March 2, 2020

How 5G Is Transforming Smartphones

The 5G roll-out has well and truly begun, and  5G-enabled smartphones are set to be big on the market over the next few years. In 2020, 5G mobile phone models are expected to account for  12% of mobile phone shipments worldwide, new research from Gartner predicts.
That number is set to grow to 43% by 2022 as prices become more affordable and 5G coverage zones expand. 5G has the power to drastically boost the speed, coverage, and responsiveness of wireless networks. It runs 10 to 100 times faster than the typical 4G LTE networks we use today.
With 5G, your smartphone will connect to the network quicker and take as little as a millisecond to start a download or upload. Network operators worldwide started the process of activating 5G networks in 2019.

5G: the next step in internet connectivity

By 2021, the number of 5G connections is expected to be in the range of between 20 million and 100 million. Some estimates put this number as high as 200 million. Beginning with 1G in the 1980s, the use of the internet has grown dramatically over the past thirty years.
There are now over 4.48 billion active internet users worldwide — which totals nearly 60% of the global population. The rise of mobile internet has allowed people to easily stay connected to the web on the go — 92% of the world’s internet users now connect via their mobile devices.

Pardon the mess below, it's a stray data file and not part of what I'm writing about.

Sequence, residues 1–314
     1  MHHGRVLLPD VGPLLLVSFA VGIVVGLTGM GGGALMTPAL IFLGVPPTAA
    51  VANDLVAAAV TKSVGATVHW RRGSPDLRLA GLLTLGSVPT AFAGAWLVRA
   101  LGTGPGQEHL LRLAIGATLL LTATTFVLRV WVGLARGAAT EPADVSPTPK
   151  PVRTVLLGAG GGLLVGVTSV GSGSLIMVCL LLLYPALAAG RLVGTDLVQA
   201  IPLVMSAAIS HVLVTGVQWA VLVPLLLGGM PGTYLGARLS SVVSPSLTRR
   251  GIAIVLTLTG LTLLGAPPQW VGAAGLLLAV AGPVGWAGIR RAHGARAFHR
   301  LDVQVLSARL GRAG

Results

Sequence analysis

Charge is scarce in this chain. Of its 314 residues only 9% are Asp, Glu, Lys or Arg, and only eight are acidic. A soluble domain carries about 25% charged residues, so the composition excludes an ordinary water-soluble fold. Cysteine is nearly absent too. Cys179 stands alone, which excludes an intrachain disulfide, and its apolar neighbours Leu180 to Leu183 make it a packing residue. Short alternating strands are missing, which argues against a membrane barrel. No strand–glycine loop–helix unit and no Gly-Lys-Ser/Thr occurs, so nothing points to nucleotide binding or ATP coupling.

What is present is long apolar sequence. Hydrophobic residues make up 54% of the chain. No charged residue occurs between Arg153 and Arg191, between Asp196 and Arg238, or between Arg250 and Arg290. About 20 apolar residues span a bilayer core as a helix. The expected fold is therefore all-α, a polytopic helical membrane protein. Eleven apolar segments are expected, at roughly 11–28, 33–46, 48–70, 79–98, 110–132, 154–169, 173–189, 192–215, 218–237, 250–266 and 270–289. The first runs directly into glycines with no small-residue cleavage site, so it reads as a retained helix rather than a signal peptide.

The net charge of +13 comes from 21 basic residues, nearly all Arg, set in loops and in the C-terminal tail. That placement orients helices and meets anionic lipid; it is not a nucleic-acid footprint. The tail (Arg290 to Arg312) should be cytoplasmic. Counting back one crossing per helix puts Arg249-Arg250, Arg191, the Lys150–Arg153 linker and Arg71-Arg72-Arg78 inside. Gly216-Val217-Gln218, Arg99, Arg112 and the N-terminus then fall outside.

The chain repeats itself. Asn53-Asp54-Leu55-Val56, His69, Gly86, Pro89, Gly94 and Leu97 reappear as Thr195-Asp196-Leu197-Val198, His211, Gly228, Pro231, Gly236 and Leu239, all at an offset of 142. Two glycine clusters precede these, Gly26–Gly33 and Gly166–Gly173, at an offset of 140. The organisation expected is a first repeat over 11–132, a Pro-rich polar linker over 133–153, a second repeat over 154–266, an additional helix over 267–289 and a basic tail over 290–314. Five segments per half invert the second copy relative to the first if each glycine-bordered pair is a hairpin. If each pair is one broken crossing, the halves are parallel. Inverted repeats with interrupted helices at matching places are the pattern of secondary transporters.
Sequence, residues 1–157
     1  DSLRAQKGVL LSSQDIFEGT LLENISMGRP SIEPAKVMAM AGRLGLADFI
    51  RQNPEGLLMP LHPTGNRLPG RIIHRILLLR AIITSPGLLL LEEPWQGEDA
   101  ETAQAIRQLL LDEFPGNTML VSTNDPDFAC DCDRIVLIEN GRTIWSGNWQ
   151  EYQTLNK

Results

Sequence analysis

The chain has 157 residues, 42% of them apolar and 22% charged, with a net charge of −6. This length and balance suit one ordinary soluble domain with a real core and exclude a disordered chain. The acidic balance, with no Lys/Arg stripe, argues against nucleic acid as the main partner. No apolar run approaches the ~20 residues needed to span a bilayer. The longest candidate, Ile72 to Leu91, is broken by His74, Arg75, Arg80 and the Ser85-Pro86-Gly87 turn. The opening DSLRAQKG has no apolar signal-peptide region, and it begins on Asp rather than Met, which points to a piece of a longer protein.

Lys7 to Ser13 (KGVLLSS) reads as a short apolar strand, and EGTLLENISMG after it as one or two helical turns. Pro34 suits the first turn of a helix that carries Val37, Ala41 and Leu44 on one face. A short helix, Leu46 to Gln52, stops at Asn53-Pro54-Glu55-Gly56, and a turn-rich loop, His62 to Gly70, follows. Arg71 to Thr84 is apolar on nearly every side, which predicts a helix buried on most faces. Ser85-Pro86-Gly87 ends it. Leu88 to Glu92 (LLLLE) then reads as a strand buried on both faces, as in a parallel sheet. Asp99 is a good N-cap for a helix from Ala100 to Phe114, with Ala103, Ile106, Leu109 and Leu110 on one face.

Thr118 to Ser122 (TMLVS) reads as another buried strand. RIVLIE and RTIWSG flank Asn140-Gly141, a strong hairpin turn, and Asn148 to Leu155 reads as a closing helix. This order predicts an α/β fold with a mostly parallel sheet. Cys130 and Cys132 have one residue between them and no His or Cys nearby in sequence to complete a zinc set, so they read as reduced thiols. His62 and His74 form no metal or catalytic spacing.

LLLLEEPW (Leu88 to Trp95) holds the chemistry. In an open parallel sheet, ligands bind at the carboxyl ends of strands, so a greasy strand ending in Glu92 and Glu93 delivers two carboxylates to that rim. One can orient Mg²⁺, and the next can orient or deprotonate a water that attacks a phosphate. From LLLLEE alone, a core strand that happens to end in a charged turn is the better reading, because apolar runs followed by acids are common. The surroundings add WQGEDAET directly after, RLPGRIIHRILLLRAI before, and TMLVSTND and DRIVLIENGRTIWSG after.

Additionally,  research from GlobalWebIndex shows mobile phones currently account for roughly half of all the time collectively spent online. In 2019, people spent an average of 132 minutes every day using mobile internet (up from 122 minutes a day in 2018). Think of 5G as the next step in this digital evolution — it promises massive changes that will improve the experience for internet users everywhere.

Preparing for the 5G rollout

Although 5G is set to revolutionize internet usage, it’s currently somewhat of a confusing landscape. There’s no shortage of reports online filled with different and even conflicting interpretations of what 5G is and does.